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From: http://article.gmane.org/gmane.comp.ai.mallet.devel/1483/

See also: http://people.cs.umass.edu/~wallach/publications/wallach09rethinking.pdf

"The tuning question is an interesting one, since the whole purpose of topic modeling has usually been to be useful: one can tune to reduce LL/token or tune to try to make the top-ten-lists more intuitive, but those might not always work in the same directions." http://sappingattention.blogspot.co.uk/2013/01/keeping-words-in-topic-models.html

The statistics defined in the file are as follows. Suggestions are welcome!

  • Word count (total number of word tokens assigned to the topic).
    • Small topics are often illogical, large topics are often overly general.
  • Word length (for each word, count the number of characters).
    • Topics with lots of very short words tend to be problematic.
    • This metric normalizes word length against the average word length of top words over all topics, so negative numbers mean short words, positive numbers mean long words.
  • Coherence (probability of words given higher-ranked words).
    • This metric picks out illogical combinations.
  • Distance from uniformity.
    • Higher values indicate more probability concentrated on a few words, lower values indicate more dispersed probability.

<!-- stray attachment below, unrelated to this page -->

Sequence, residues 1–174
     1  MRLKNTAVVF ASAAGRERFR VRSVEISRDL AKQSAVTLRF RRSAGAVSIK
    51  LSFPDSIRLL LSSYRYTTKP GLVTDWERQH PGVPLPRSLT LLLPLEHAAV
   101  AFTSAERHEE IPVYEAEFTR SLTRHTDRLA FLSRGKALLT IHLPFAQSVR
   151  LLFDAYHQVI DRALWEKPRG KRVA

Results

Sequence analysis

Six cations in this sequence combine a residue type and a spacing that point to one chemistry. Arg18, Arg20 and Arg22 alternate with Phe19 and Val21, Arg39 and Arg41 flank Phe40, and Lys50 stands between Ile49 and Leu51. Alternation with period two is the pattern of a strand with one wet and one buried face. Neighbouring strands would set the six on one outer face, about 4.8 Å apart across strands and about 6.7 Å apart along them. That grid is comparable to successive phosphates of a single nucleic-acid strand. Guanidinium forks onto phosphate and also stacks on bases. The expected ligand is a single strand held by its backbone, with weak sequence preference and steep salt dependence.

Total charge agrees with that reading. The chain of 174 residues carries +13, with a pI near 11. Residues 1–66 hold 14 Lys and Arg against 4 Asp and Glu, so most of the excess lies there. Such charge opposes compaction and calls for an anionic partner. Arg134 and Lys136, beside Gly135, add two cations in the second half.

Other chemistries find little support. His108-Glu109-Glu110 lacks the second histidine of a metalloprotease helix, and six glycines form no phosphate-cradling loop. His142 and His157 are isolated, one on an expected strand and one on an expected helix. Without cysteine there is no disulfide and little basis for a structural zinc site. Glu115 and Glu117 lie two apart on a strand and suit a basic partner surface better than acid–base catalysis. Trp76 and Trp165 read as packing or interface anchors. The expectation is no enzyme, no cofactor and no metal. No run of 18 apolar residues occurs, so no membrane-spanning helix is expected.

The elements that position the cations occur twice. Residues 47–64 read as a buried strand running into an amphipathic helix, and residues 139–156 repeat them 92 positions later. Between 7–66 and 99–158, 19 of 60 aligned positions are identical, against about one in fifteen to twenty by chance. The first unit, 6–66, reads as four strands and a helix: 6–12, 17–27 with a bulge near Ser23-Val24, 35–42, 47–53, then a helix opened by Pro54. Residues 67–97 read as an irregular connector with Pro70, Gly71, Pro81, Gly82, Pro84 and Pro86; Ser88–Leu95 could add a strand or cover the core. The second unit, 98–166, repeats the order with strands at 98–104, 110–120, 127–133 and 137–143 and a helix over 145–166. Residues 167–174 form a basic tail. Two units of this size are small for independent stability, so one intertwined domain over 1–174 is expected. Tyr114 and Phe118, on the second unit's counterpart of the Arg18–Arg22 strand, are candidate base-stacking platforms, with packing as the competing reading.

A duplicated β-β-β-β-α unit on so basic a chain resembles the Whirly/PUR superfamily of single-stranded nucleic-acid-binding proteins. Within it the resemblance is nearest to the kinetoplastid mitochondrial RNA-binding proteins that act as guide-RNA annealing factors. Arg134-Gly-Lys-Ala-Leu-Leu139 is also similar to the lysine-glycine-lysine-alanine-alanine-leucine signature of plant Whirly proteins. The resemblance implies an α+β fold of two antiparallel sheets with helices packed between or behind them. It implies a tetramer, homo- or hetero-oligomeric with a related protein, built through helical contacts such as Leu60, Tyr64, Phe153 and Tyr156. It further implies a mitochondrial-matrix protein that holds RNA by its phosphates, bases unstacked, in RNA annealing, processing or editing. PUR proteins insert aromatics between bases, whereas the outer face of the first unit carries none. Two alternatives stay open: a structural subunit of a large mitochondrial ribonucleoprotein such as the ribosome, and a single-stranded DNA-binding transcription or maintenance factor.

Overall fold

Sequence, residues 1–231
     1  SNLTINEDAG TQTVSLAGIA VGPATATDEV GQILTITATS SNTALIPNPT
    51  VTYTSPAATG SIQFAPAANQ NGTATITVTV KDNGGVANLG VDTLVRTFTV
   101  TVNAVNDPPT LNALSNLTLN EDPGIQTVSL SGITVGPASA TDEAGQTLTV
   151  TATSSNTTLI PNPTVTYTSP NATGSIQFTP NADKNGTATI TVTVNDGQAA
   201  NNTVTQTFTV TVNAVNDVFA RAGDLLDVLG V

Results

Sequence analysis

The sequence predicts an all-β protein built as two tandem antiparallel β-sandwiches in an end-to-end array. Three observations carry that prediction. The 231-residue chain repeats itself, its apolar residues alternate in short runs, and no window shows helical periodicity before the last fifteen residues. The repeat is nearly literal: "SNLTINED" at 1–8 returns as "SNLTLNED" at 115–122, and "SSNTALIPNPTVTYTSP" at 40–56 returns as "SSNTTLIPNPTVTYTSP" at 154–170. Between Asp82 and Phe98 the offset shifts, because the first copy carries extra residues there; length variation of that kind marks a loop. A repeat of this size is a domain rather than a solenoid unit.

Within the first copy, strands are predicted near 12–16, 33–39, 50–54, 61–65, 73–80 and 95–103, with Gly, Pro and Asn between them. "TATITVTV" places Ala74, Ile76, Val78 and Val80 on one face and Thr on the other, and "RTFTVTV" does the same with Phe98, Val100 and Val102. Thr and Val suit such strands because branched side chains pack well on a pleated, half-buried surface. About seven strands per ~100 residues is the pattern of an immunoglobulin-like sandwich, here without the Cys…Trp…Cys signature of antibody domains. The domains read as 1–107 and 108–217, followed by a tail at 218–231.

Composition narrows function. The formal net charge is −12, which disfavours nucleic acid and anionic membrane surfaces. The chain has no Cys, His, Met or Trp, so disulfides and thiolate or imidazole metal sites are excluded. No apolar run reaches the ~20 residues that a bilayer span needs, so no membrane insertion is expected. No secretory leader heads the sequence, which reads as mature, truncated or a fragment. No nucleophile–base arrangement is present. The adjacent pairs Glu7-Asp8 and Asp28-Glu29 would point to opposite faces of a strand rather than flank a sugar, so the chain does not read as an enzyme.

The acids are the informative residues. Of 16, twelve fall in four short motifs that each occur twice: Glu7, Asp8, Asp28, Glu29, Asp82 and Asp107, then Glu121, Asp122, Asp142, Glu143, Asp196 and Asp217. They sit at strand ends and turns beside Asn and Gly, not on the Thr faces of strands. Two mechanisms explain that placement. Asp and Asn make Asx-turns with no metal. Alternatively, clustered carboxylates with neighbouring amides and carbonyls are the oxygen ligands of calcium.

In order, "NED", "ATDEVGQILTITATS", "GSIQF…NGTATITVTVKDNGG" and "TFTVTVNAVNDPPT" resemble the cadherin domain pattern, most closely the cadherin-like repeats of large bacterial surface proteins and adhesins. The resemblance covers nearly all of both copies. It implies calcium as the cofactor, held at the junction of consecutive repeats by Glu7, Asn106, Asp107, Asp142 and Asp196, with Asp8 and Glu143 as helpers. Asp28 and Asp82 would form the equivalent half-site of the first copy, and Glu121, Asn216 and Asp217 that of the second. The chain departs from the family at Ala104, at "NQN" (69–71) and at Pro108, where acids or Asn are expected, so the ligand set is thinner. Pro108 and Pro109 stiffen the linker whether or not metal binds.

• Distance from corpus.
    • Higher values indicate more specific topics, topics with lower values look like what you would get by counting all the words in the corpus, regardless of topic.
  • Effective number of words.
    • The inverse of the sum of squared probabilities.
    • Higher values indicate less concentration on top words.
    • This metric is similar to distance from uniformity.
  • Token/document difference.
    • Higher values indicate burstiness -- one of the top words appears many times in a small number of documents (ie fewer docs than expected given token count).
  • Documents at rank 1.
    • Vacuous or overly general topics often occur a small amount in many documents.
    • This metric counts, out of the documents that contain a given topic, how many times that topic is the single most common topic in a document.
    • Low numbers indicate possibly uninteresting topics.